The film only managed to gross a meager $3.14 million against a $25 million budget, making Sgt. Stubby one of 2018’s biggest flops. Perhaps this heroic dog would have been better served with a direct-to-video release?
4. The Hurricane Heist
Domestic Box Office: $6.1 million
Foreign Box Office: $6.2 million
Budget: $35 million
Rob Cohen’s weather-related action thriller blew into theaters in early March hoping to satiate viewers with appetites for well-executed B-movie nonsense. Instead, The Hurricane Heist ended up becoming one of the year’s biggest flops, with an absolutely atrocious worldwide gross of just $12.3 million. Bear in mind that this film about bank robbers using a Category 5 hurricane to cover their tracks cost $35 million to make.
Add in marketing costs and you’re looking at a loss in the $50 million range, which means that we can probably rule out any further weather-related Heist sequels showing up on Entertainment Studios’ production forecasts.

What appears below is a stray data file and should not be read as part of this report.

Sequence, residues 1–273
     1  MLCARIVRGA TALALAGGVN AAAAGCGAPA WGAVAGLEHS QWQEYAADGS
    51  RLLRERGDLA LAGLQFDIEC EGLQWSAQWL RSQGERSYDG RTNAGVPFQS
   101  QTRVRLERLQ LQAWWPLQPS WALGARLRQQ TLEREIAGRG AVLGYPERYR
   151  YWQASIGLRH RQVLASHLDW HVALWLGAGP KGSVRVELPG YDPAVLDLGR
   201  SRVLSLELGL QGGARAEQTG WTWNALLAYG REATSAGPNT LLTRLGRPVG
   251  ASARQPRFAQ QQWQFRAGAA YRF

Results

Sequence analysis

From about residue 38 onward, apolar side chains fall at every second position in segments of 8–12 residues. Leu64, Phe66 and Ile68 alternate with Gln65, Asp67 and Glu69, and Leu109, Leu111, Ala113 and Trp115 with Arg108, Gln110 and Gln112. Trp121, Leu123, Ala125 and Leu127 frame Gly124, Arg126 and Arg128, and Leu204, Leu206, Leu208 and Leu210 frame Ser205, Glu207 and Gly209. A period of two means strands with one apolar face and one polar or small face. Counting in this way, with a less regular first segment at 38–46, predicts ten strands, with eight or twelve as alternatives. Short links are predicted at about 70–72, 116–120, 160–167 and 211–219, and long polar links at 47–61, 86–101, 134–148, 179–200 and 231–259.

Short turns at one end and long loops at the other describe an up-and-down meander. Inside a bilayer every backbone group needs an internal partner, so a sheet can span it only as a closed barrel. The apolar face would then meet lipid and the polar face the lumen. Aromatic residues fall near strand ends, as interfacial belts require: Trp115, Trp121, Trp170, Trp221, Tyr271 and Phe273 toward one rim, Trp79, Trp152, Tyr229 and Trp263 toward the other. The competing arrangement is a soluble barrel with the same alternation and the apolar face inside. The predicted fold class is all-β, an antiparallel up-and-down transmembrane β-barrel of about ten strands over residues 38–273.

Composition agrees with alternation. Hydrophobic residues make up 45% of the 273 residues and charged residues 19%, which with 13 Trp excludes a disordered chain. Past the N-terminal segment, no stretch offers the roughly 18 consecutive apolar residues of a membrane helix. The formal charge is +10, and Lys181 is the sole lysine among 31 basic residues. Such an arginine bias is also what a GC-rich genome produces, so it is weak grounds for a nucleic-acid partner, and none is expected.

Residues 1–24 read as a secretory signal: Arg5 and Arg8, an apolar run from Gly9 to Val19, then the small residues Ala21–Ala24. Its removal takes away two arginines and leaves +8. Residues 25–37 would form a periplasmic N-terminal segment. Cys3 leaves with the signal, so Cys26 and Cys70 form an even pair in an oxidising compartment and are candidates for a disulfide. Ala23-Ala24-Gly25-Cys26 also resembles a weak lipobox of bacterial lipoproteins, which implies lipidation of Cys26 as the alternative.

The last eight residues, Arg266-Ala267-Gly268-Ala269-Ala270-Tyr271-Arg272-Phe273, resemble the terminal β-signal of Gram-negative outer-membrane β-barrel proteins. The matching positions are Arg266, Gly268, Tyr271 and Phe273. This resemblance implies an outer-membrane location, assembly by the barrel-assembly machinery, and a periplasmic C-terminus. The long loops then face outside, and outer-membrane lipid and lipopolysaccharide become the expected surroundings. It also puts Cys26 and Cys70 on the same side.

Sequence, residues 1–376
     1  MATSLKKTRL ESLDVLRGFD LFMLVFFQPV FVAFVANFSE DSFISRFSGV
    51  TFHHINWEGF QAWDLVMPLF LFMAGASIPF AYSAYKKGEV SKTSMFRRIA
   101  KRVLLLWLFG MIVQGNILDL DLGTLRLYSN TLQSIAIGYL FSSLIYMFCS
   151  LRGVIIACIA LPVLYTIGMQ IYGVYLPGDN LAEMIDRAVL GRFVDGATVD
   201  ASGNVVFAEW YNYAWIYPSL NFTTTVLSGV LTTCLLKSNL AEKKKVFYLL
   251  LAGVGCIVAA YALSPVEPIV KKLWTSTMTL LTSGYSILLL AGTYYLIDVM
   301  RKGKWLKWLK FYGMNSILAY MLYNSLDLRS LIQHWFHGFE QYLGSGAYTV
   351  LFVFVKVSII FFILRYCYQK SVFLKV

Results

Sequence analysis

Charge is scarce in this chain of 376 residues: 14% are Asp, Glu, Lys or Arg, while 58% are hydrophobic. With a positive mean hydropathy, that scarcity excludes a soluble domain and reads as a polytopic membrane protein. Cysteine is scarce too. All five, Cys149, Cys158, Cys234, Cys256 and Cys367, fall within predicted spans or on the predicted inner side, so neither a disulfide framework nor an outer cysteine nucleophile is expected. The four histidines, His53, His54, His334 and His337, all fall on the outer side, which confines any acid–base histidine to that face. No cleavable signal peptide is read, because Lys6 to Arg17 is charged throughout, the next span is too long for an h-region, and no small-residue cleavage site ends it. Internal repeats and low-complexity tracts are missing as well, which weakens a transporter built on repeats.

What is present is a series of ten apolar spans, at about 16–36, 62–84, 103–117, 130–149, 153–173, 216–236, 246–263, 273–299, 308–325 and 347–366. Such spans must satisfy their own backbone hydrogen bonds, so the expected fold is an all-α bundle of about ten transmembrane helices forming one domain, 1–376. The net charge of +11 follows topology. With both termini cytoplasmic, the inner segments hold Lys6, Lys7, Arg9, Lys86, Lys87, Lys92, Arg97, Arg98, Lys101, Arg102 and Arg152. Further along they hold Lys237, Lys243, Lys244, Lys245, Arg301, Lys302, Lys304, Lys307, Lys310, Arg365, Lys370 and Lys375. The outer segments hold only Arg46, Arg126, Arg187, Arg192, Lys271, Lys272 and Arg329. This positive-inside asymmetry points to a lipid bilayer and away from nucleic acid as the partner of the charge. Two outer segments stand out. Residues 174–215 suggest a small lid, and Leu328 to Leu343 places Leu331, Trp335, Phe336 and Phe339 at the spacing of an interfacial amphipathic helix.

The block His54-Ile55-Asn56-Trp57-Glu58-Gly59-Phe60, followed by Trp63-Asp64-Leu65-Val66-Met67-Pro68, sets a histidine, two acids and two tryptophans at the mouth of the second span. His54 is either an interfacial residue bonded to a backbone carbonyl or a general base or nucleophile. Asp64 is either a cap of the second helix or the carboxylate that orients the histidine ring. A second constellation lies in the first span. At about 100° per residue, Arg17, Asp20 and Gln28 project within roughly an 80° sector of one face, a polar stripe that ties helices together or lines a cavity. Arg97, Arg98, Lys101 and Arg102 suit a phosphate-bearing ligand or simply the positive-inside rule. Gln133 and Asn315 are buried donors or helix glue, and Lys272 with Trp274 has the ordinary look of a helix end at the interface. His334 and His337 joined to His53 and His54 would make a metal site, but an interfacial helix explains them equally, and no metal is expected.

3. Pacific Rim Uprising
Domestic Box Office: $59.18 million
Foreign Box Office: $230.8 million
Budget: $150 million
The fact that Pacific Rim Uprising even exists is rather surprising, as the original film was a box office failure in North America and only managed to recoup its costs thanks to a strong showing overseas, particularly in China. As such, the sequel was pretty much developed with the Chinese market in mind, with the hope that the cult following Guillermo del Toro’s original robots vs. aliens slugfest had gained in the interim would be enough to boost domestic ticket sales as well.
Pacific Rim Uprising ended up failing on both fronts, earning significantly less domestically and internationally than its predecessor. If Uprising had managed to cross the $100 million mark in North America, the film may have stood a chance of meeting its break-even point (estimated to be around the $350 million mark). Instead, Uprising didn’t even hit $300 million worldwide, over $100 million less than what the original Pacific Rim made. The lesson here: don’t make a sequel to a box office failure and also don’t take a half decade to do it.
2. Solo: A Star Wars Story
Domestic Box Office: $196.2 million
Foreign Box Office: $147.1 million
Budget: $275 million (estimated)